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2021 Word of the Year. And the winner is …

Remember our days of innocence, of inanity, of pandemiclessness? Remember when the Merriam-Webster Word of the Year (WOTY) was something fun and quirky, like blog (2004), truthiness (2006), or w00t (2007)? Even those three words were inventions, as if avatars of a more whimsical time.

Then came the financial crisis of 2007-2008, and it’s no surprise that the new WOTYs became signs of the times. The year 2008 brought us bailout, followed by admonish in 2009, austerity in 2010, and pragmatic in 2011. Fast forward to 2020 and you’ve probably got a good guess where this is headed. The WOTY last year was pandemic, followed by coronavirus as the runner-up. Among the top 10 were also schadenfreude, quarantine, asymptomatic, defund, and antebellum. It was a dark year.

But things may be brightening up in 2021. Merriam-Webster’s latest WOTY – vaccine – may very well save us from last year’s WOTY. Words of the Year aren’t just picked out of the ether, although they might as well be. Merriam-Webster first started the practice in 2003, the word that year being democracy. At one time user submissions and online polls were considered in choosing the winners, but since 2008 the dictionary has compiled the list based solely on the words which were most frequently looked up on its website.

Think back over the year and the word vaccine might have actually been the word you heard the most or said the most. But take a look at the list of Merriam-Webster’s top 10 runners-up, and you’ll also take a quick walk down the 2021 memory lane. The most frequently looked-up words sometimes reflect the zeitgeist, the cultural, social, or political moments we are all having together. Often just one speech or movie will send us to Merriam-Webster to look up a word. Sometimes it’s a drawn-out political battle that plays out in the TV news, in our daily newsfeeds, and in our daily lives. Other times it’s a sports story, a movie, or a Mars rover. And once, in July, a young girl named Zaila Avant-garde spelled m-u-r-r-a-y-a to win the Scripps National Spelling Bee. Look it up.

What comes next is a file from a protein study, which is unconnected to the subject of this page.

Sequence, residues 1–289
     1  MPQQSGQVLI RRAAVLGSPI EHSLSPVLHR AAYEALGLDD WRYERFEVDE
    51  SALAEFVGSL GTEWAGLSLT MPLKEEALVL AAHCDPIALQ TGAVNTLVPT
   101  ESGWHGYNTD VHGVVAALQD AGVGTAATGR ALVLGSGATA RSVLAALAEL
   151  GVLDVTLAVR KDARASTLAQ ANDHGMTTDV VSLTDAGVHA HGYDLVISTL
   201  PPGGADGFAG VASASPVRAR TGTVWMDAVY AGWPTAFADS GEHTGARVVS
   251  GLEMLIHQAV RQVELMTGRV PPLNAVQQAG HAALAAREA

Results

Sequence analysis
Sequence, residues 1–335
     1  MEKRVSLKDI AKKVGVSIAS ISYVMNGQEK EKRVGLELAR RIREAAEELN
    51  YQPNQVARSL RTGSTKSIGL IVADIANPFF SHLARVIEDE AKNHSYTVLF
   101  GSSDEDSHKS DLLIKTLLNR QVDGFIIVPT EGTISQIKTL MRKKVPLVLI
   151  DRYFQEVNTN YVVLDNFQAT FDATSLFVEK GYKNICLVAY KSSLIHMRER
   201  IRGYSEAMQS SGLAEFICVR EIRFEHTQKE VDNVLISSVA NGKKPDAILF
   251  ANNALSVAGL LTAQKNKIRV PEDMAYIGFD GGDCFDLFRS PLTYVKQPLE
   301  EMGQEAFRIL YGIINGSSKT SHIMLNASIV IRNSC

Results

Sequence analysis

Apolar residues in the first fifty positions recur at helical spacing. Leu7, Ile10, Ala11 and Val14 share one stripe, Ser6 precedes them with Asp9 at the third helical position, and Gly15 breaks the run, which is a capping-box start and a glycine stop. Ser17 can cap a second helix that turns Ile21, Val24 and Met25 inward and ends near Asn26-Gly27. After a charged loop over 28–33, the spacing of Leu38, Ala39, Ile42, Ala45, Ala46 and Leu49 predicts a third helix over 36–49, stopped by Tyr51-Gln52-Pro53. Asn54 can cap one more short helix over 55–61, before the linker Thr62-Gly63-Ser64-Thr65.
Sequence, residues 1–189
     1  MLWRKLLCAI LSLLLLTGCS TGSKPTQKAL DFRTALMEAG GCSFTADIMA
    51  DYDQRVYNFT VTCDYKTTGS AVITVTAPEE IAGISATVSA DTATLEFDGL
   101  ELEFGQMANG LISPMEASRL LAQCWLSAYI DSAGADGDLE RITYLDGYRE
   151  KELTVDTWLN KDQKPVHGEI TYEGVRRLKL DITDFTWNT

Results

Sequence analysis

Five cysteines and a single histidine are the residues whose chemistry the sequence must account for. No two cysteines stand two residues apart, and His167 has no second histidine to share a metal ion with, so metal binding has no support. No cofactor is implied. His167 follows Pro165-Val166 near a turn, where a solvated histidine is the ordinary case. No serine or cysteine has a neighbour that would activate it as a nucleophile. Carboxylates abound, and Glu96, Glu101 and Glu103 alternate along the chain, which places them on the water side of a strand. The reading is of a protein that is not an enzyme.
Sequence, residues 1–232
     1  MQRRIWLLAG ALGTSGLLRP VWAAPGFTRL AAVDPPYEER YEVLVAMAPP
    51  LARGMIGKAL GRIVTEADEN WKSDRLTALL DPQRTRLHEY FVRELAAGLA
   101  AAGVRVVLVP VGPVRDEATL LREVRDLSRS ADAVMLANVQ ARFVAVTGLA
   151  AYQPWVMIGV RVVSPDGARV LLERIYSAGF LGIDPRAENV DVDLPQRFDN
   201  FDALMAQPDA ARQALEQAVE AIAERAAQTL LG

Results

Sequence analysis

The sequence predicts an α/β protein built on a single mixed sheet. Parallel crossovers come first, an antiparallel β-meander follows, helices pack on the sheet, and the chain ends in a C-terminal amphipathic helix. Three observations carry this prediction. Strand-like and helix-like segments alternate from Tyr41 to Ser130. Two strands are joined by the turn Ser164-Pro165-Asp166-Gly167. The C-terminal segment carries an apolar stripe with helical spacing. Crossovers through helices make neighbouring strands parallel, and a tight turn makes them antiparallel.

Is your dictionary up to date? Check out these other notable words from 2021. Dictionary publisher Collins chose NFT as its Word of the Year. NFT is defined by Collins as an “abbreviation for non-fungible token: a digital asset on a blockchain that can’t be replaced with something else.” On the 2021 shortlist of other notable words chosen by Collins are: crypto, double-vaxxed, neopronoun, Bridgerton, and cheugy. The Oxford English Dictionary named vax as its Word of the Year and Cambridge Dictionary chose perseverance in honor of NASA’s Mars rover. Previous winners from those dictionaries include: selfie, photobomb, binge-watch, fake news, climate emergency, Brexit, and post-truth.

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